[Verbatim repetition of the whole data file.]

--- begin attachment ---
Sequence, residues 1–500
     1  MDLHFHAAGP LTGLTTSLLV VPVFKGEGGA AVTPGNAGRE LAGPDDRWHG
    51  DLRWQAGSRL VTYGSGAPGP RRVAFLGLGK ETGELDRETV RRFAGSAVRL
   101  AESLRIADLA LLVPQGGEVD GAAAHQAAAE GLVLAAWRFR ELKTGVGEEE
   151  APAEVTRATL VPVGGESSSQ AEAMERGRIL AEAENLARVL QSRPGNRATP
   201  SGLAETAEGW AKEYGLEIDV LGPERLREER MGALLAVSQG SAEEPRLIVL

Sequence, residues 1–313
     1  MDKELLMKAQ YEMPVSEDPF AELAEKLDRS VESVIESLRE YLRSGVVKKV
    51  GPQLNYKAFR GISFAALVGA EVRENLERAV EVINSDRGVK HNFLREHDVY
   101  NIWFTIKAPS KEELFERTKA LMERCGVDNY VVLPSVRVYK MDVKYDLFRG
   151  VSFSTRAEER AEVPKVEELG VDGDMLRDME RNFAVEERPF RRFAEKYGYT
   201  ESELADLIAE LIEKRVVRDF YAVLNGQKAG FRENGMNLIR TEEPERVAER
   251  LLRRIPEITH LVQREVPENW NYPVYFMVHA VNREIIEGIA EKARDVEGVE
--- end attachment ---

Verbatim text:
Sequence, residues 1–500
     1  MDLHFHAAGP LTGLTTSLLV VPVFKGEGGA AVTPGNAGRE LAGPDDRWHG
    51  DLRWQAGSRL VTYGSGAPGP RRVAFLGLGK ETGELDRETV RRFAGSAVRL
   101  AESLRIADLA LLVPQGGEVD GAAAHQAAAE GLVLAAWRFR ELKTGVGEEE
   151  APAEVTRATL VPVGGESSSQ AEAMERGRIL AEAENLARVL QSRPGNRATP
   201  SGLAETAEGW AKEYGLEIDV LGPERLREER MGALLAVSQG SAEEPRLIVL

Sequence, residues 1–313
     1  MDKELLMKAQ YEMPVSEDPF AELAEKLDRS VESVIESLRE YLRSGVVKKV
    51  GPQLNYKAFR GISFAALVGA EVRENLERAV EVINSDRGVK HNFLREHDVY
   101  NIWFTIKAPS KEELFERTKA LMERCGVDNY VVLPSVRVYK MDVKYDLFRG
   151  VSFSTRAEER AEVPKVEELG VDGDMLRDME RNFAVEERPF RRFAEKYGYT
   201  ESELADLIAE LIEKRVVRDF YAVLNGQKAG FRENGMNLIR TEEPERVAER
   251  LLRRIPEITH LVQREVPENW NYPVYFMVHA VNREIIEGIA EKARDVEGVE